Preheating in Welding Induction Heating Systems | MillerWelds

Heating Equipment

Induction Heating

The right system for your heating needs

Why Induction Heating?

Induction heating is easy to set up, offers a fast time-to-temperature, and delivers exceptional heating efficiency, accuracy, and uniformity in part temperature. In addition, induction offers safety benefits compared to open flame and resistance heating methods.

Applications

  • Preheating and maintaining weld temperature
  • Hydrogen bake-out
  • Post-weld heat treatment (PWHT) up to 1450° F
  • Shrink-fit processes
  • Various other applications which requires heating

Industries

  • Oil and Gas
  • Structural
  • Power plants
  • Petrochemical/Refineries
  • Process/Power Piping
  • Pressure vessels
  • Shipyards
  • Mining

Plate Induction Heating

Infrared Plate Induction Heating
This highly efficient technology uses non-contact heating to induce heat electromagnetically rather than using a propane torch or resistant heating.  With induction, the part becomes its own heating element, heating from within.  This makes induction very efficient since little heat is lost in the process.
Time to temperature is dramatically faster than flame or resistance heating -- reducing cycle time. Setup and tear down times are quick and unlike flame or resistance, induction allows continuous heating and fabrication.
Induction heating lowers operational costs because reaching target temperatures is dramatically faster, resulting in reduced consumable costs and labor expenses. In addition, it eliminates the expense of fuel gases, fire watch personnel, and heating subcontractors.
Quality IconProvides exceptional joint temperature uniformity.  Induction eliminates the inconsistencies and quality issues associated with flame or resistance heating.
Welders are not exposed to open flame, explosive gases, and hot elements associated with flame and resistance heating.  Induction’s method of heat transfer results in a cooler environment that reduces operator fatigue and improves work conditions.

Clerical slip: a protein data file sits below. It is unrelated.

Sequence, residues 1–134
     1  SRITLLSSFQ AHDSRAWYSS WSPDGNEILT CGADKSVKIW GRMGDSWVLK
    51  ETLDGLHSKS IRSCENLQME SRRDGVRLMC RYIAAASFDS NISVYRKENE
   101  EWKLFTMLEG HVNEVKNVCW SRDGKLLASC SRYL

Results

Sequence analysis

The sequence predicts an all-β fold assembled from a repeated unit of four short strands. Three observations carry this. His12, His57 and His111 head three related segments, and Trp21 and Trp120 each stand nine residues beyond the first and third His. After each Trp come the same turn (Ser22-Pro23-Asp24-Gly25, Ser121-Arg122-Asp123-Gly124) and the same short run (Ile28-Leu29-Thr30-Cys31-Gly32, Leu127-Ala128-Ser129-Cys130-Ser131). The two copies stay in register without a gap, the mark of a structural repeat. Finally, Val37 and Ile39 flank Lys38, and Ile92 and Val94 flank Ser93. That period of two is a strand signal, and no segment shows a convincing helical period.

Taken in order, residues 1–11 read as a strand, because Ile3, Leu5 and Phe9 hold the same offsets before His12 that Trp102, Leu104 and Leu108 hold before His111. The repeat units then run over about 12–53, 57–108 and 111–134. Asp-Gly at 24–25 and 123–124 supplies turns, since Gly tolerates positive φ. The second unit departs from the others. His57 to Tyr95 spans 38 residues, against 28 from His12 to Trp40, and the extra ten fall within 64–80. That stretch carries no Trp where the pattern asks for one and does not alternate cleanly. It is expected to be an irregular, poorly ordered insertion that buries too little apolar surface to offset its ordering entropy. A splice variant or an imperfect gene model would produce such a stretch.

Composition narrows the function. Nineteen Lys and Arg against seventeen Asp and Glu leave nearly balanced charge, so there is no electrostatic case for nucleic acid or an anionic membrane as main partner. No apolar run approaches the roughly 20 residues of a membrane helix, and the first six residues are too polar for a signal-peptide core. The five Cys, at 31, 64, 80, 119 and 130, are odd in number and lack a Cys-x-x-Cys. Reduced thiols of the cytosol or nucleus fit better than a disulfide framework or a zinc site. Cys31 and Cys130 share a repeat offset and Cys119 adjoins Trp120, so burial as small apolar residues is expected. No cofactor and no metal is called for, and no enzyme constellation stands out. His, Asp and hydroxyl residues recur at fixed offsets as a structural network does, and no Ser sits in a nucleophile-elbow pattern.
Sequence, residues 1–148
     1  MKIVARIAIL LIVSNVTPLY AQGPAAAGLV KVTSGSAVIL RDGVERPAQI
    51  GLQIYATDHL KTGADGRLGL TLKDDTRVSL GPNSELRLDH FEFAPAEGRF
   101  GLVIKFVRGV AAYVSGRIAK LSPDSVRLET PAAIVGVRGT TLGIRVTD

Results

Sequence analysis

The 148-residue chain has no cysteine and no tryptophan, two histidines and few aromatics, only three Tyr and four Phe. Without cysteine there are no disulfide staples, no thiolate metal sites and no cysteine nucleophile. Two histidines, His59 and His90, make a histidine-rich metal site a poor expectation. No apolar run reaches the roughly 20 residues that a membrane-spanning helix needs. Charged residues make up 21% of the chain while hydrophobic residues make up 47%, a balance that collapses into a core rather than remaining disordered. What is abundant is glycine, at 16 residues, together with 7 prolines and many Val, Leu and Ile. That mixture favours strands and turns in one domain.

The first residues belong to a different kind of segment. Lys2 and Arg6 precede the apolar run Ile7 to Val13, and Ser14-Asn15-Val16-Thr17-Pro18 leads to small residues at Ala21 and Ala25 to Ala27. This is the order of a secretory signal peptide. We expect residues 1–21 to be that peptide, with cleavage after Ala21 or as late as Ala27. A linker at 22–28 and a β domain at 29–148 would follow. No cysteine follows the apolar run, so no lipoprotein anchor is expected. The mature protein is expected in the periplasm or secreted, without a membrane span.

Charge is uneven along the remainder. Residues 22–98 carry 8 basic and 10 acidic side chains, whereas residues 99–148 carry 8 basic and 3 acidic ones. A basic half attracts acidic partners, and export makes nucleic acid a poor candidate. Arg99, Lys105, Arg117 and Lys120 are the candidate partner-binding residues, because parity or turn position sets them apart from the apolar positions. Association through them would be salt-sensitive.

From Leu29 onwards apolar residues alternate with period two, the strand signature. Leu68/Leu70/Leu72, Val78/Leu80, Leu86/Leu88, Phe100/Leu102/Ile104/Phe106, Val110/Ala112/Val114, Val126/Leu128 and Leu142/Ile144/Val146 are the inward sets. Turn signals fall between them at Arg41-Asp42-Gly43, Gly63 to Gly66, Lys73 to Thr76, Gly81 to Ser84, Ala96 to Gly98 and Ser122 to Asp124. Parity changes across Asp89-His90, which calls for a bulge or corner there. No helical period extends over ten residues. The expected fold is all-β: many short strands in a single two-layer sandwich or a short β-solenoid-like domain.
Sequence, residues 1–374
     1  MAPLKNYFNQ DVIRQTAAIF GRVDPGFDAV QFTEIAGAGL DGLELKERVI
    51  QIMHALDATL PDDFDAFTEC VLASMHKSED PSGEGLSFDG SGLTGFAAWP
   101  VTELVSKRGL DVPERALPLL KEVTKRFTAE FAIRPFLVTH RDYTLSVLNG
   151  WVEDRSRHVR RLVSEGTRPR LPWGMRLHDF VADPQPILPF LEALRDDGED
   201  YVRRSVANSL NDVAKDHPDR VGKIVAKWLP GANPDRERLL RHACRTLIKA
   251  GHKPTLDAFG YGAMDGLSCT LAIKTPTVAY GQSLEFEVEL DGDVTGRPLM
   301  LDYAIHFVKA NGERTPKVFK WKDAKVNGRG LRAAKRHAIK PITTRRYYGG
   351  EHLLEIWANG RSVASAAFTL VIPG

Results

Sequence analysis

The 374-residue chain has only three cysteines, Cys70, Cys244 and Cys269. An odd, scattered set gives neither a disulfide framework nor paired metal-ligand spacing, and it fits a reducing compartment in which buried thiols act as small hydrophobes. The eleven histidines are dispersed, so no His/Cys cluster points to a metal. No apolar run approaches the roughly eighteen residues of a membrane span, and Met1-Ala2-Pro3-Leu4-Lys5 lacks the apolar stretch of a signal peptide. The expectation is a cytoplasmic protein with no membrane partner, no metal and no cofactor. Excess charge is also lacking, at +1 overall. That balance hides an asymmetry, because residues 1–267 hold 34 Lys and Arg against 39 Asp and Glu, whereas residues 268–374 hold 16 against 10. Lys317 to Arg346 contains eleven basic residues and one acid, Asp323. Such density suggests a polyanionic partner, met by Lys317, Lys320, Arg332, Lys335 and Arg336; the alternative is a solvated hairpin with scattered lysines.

Compare Induction, Flame and Resistance Heating Methods

 
INDUCTION HEATING
FLAME HEATING
RESISTANCE HEATING
SETUP/TEARDOWN EASY
20 minutes or less per joint. Teardown time is fast, as induction tools can immediately be moved to the next joint without cooldown time.
EASY
 
COMPLEX
Approximately 3 hours per joint. Teardown times are also lengthy, as crews must first wait for the heating equipment to cool.
TIME TO TEMPERATURE FAST
20 minutes or less per joint
SLOW
Up to 3 hours, depending on part/material size and thickness
SLOW
Up to 3 hours, depending on part/material size and thickness
JOINT TEMPERATURE UNIFORMITY EXCEPTIONAL
Thorough and even heat profile
POOR
Subject to hot and cold spots
MARGINAL
HEATING EFFICIENCY EXCEPTIONAL
90% efficient
POOR
Much heat lost to air; reheating needed after breaks and off hours
GOOD
Marginal heat lost to air
SAFETY EXCEPTIONAL
Tools do not heat up; no toxic byproducts or noise
POOR
      
  • Risks burn injuries, fires and explosions
  •   
  • Excessive noise levels
  •   
  • Toxic, combustible byproducts
MARGINAL
      
  • Ceramic pads are as hot as the work surface, bringing risk of burn injuries
  •   
  • Damaged/incorrectly used heating tools bring risk of electric shock
  •   
  • Inhaling insulation fibers/particles is a health hazard
OPERATING COST LOW
      
  • Delivers strong return on investment
  •   
  • Electricity cost: $5/hr
  •   
  • Induction air-cooled cables and air-cooled quick wraps are ruggedly constructed for repeatable uses
HIGH
      
  • Fuel cost: $50/hr
  •   
  • Fire-watch personnel must often be hired
HIGH
      
  • Preheating contractors can charge up to $2,000 per joint, and final project costs often exceed original bid pricing
  •   
  • Requires installation of electrical infrastructure
  •   
  • Ceramic pads require frequent replacement
  •   
  • Used insulation is considered hazardous waste; proper disposal is costly

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